If it has been demonstrated that I have been willing to die for a “Mormon,” I am bold to declare before Heaven that I am just as ready to die in defending the rights of a Presbyterian, a Baptist, or a good man of any denomination; for the same principle which would trample upon the rights of the Latter-day Saints would trample upon the rights of the Roman Catholics, or of any other denomination who may be unpopular and too weak to defend themselves. It is a love of liberty which inspires my soul — civil and religious liberty to the whole of the human race.
They also found an ordnance from Nauvoo4 that specifically mentioned Islam in the context of religious freedom:
Be it ordained by the City Council of the City of Nauvoo, that the Catholics, Presbyterians, Methodists, Baptists, Latter-day Saints, Quakers, Episcopals, Universalists, Unitarians, Mohammedans [Muslims], and all other religious sects and denominations whatever, shall have free toleration, and equal privileges in this city …
Additionally, I’ve been very proud of Utah Governor Herbert for being the only Republican governor in the nation who has refused to bar Syrian refugees from entering his state. I thought I couldn’t be more proud of Utah then when Bill Clinton came third in 1992, but they’ve topped it.5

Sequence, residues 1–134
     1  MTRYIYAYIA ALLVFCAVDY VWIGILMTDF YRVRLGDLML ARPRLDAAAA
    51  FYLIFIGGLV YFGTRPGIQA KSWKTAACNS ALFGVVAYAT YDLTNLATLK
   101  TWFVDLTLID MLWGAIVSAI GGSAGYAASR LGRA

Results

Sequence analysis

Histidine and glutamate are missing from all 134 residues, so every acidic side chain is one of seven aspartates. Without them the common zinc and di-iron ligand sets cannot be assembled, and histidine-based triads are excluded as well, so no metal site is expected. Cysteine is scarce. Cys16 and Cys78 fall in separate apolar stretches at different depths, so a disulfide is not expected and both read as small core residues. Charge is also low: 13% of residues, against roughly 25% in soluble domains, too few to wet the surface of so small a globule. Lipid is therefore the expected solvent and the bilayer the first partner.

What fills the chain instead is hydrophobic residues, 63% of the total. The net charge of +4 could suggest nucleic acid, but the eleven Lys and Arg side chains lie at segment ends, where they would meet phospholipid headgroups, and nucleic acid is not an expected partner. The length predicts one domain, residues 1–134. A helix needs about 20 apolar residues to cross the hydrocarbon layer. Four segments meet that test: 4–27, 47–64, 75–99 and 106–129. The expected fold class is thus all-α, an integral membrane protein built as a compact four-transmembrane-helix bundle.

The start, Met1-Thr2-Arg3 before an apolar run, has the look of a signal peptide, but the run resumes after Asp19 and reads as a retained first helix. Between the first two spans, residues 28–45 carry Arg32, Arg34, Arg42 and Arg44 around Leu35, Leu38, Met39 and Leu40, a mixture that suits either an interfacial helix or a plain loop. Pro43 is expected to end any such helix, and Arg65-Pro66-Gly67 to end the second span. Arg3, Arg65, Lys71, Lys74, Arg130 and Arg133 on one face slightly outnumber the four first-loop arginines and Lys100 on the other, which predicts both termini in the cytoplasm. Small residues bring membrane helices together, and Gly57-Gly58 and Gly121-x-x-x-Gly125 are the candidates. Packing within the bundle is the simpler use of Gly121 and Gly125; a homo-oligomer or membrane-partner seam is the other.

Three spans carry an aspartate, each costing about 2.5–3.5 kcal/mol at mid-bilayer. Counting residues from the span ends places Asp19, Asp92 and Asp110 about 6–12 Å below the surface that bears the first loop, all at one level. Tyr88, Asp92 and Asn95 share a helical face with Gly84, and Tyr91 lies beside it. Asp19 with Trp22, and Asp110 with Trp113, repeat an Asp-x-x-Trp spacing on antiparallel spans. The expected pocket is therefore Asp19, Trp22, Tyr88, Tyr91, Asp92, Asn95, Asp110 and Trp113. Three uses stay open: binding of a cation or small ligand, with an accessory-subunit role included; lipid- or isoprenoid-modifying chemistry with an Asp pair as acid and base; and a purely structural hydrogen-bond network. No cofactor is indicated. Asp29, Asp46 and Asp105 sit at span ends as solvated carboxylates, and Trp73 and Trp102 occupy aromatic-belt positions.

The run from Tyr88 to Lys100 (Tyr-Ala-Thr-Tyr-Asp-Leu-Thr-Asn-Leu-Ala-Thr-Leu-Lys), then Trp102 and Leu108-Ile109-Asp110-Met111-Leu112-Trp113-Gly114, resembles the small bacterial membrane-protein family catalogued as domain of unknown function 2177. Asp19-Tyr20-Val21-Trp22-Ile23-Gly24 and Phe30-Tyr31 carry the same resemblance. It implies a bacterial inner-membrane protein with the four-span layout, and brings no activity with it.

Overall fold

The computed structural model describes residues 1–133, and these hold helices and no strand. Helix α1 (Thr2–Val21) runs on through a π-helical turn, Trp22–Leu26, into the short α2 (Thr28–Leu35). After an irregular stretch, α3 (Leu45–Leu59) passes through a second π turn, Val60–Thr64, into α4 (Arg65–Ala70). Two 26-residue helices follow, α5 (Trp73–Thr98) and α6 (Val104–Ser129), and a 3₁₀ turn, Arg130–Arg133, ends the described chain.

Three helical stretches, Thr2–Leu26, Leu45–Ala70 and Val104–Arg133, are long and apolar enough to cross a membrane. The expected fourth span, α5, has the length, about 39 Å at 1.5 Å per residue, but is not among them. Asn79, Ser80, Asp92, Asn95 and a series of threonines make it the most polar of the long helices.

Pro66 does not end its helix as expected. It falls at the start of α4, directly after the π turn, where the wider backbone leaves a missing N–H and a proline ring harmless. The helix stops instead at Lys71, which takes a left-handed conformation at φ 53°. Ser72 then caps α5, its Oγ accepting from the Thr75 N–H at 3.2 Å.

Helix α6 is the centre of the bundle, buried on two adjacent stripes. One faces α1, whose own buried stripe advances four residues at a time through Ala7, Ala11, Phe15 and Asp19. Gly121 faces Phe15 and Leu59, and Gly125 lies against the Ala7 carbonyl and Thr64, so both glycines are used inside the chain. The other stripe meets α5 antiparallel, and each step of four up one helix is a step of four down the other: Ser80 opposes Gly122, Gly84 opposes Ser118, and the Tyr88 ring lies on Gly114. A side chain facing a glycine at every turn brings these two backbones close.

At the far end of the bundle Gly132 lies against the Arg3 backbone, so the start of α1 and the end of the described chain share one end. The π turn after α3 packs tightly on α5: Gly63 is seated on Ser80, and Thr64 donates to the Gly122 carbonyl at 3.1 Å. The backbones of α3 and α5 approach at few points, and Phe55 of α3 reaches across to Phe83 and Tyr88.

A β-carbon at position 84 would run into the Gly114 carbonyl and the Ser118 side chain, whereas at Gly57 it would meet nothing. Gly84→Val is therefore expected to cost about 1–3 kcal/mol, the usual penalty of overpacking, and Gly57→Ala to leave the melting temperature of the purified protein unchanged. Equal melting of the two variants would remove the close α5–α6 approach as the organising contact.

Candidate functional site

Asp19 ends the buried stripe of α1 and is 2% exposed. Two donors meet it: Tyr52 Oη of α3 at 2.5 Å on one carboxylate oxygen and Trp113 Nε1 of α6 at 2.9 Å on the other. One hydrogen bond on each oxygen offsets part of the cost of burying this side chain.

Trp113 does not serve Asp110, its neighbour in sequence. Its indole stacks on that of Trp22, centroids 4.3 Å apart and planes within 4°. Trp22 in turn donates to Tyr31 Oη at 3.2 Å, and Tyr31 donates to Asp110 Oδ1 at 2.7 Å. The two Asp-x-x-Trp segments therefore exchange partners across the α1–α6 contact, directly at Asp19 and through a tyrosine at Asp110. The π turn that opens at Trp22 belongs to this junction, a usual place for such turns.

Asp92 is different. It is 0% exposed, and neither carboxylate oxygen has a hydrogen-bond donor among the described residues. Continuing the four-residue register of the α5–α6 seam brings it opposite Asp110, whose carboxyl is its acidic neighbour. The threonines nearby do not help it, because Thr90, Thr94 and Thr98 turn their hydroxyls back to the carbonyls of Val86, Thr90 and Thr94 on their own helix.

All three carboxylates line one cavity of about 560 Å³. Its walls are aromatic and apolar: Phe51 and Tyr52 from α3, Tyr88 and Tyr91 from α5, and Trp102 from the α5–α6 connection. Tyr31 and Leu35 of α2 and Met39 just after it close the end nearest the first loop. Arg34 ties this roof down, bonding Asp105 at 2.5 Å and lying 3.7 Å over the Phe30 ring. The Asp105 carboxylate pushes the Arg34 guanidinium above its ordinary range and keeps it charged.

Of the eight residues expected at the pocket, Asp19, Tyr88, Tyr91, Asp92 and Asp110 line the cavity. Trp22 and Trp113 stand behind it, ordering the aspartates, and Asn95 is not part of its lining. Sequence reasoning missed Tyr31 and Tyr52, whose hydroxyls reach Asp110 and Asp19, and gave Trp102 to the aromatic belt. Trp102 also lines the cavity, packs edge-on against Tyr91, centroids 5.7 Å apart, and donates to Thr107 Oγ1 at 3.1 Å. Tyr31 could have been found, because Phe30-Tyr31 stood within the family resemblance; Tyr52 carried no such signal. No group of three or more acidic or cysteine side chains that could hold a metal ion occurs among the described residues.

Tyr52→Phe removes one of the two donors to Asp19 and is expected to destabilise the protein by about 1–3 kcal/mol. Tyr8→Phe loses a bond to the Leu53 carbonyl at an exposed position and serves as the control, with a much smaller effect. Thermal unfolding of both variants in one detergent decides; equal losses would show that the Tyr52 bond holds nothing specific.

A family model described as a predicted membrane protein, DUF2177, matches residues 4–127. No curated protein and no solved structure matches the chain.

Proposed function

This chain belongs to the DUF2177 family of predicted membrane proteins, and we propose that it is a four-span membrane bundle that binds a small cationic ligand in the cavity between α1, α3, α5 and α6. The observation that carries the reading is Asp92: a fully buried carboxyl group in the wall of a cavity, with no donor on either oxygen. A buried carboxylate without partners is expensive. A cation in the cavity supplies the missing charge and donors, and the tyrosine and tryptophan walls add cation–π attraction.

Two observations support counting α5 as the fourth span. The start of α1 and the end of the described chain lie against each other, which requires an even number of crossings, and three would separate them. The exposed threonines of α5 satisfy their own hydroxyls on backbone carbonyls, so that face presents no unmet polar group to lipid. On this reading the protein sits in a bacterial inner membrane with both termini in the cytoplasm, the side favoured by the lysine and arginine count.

So that is what I think of Donald Trump’s suggested policy on banning Muslims: don’t. And that pretty much sums up most of my responses to his policy proposals. Since I’m writing about Trump now–and since I hope to do that as infrequently as possible–I might as well include some related notions.
1. Is Trump Going to Win?
Short answer: probably not.
Trump’s apparent dominance of the GOP race is very misleading, according to Nate Silver.6 He made his view clear in November with: Dear Media, Stop Freaking Out About Donald Trump’s Polls. His main point was that primary polls have very little predictive power (which makes them quite different from general election polls), in part because so many voters are undecided until the last minute. Once you include the undecideds, for example, the poll numbers look more like this:
I had some fun with that 5% number by contrasting it with a report from Public Policy Polling about American opinions on various conspiracy theories. In ascending order, here are the conspiracy theories that have at least as much (or much more!) support among Americans than Donald Trump currently does among GOP voters: